**INTERMATH**

Instructor:

Elliot C. Gootman

Department of Mathematics

Room 502, Boyd Graduate Studies Building, UGA

Teaching Assistants:

Chad Galloway, cgallowa@coe.uga.edu

Evan Glazer, eglazer@coe.uga.edu

Summer Brown, sumtime27@hotmail.com

Office telephone: 706-542-2637

Math. Dept. Fax: 706-542-2573

Email: gootman@math.uga.edu

COURSE OBJECTIVES

- To deepen your conceptual understanding of the principles of middle school mathematics by means of problem-solving, investigation and exploration.
- To become familiar with the use of software as a tool for facilitating problem-solving, investigation and exploration.
- To use general tools(word processing, paint and draw programs, spreadsheets and the Internet) as well as mathematical software, to write up your investigations and explorations, and to post them on the Web.
- To write up and post lesson plans and mathematical problems and explorations suitable for middle school students to investigate with technology.

COURSE DESCRIPTION

The course will meet its objectives by modeling the use of technologyas
a tool for mathematical problem-solving, exploration, investigationand
communication. Group work is encourages so that students canmodel
for each other. All materials for the course are maintainedon
an Internet Web page site and students will create and useweb
documents in the course. Students will post the results oftheir
explorations and investigations, and will also post explorationsand
investigations suitable for use by middle school students.

The following technologies will be used in the course:

Hand Held Calculators such as TI-81, TI-82, or TI-83

Graphing Calculator 3.0 (from http://www.pacifict.com)

Geometers Sketchpad (from http://www.keypress.com)

Spreadsheets (Excel recommended)

Web Page Browser (Netscape 4.76 recommended)

Web Page Authoring Tool (Netscape 4.76 recommended)

No prior knowledge of any of the above technologies is assumed.However, it is assumed that you have access to computers and tothe above tools outside of the Intermath class. The usual expectationof two hours of study outside class for every hour in class isprobably a minimum.

COURSE ASSIGNMENTS:

There is no textbook. All assignments will be given and turnedin
via the Web.

GRADES AND REQUIREMENTS:

Grades will be based upon attendance, participation (on the computer,working
with others, in class discussions and on investigations),write-ups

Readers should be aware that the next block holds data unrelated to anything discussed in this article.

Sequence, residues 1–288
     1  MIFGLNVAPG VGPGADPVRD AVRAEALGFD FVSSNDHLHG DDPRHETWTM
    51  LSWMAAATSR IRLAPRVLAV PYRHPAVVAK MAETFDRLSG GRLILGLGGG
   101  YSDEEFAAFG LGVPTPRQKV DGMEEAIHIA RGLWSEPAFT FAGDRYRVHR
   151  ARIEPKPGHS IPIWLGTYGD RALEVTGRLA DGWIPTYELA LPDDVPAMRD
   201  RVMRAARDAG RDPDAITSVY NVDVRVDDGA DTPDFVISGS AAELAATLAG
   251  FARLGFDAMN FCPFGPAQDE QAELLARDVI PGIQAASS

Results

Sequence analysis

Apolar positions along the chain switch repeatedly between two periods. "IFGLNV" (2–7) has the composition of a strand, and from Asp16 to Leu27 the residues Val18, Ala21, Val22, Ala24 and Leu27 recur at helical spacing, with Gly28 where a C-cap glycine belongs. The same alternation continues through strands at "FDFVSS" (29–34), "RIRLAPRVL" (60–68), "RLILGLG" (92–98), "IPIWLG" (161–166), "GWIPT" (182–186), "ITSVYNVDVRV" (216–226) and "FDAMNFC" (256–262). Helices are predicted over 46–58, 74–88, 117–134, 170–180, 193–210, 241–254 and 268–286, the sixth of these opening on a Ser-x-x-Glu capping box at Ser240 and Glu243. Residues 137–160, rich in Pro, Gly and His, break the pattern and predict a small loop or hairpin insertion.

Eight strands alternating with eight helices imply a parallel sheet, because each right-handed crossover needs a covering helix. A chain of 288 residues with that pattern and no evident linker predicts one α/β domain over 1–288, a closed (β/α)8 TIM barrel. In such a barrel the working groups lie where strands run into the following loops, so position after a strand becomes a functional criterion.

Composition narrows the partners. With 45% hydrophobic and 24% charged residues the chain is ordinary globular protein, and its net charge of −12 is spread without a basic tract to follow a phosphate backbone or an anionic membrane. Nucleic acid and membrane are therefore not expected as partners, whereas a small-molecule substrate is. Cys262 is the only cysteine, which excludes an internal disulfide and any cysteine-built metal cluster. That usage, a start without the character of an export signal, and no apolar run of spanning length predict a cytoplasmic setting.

and lessons.

- There will be 13 assignments, each corresonding with a different unit on the InterMath Web site. There will be a "write-up" for each assignment.
- Each person will develop a personal Web Page for the course. Each write-up will be an HTML document (i.e., a Web page document) and linked to your personal Web Page.
- Lessons for middle school students. These will be a part of your personal web site, but eventually will be placed or linked to a library of lessons available to all InterMath participants.
- What is a "write-up"? The write-ups represent your synthesis and presentation of a mathematics investigation you have done usually under the direction of one of the assignments. The major point is that it convincingly communicates what you have found to be important from the investigation. A write-up should communicate the essential material you have synthesized from your investigation. The format could be entirely in a word-processing document. After all, an HTML is basically a word-processing document with links. The HTML format, however, can combine narrative, pictures, and program applications in a dynamic document. Write-ups should be posted to your personal web page. If you work as a team on a write-up, post the write-up into each team member's Web Page but label collaborative effort. Criteria should include correct mathematics, use of technology, and how well you communicate. "Solution" might be another word for "write-up".
- What is a lesson? The "lessons" are to be your creations of material to incorporate technology into your classroom lessons. The material can be individual lessons or a unit of material. Your criteria should be on its usability in your classroom or in other peoples' classroom and something you feel good enough about to share with colleagues over the Web. You can also look at the criteria of factors and strategies to ask questions developed by the students in the class. While not a complete lesson with directions for the teacher, this miniature golf activity is an example that has been created by an InterMath participant and used in her sixth grade math class after exploring the investigation All Swimmed Out. She has also created activities about: jogging and millionaires (Excel), salary and soccer (Excel), properties of angles (GSP), the gymnast (Excel) ratio of areas and perimeters of similar triangles (GSP), maximizing area with a fence (GSP), surface area and volume of packages (GSP), and mystery quadrilaterals (GSP).

CLASS PARTICIPANTS

Karen Caporino

Joy Sapp

Jodie McMichael

Judy Powell

Mike Callinan

Peggy Reigle

Dr. Elliott Gootman

TENTATIVE SCHEDULE

February 26 -- Orientation and Overview

March 5 -- Getting Started

March 12 -- Algebra Patterns

March 19 -- Geometry -- Triangles

March 26-- Number Concepts -- Fractions & Decimals

April 2 -- Spring Break - No Class

April 9-- Data Analysis -- Statistics

April 16 -- Algebra -- Graphing

April 23 -- Geometry -- Circles

April 30 -- Number Concepts -- Ratio, Proportions, & Percent

May 7-- Geometry -- Quadrilaterals

May 14 -- Number Concepts -- Integers

May 21 -- Geometry -- Polygons

May 28 -- Data Analysis -- Probability

June 4-- Algebra -- Functions & Equations

June 11 -- Final Session & Wrap-Up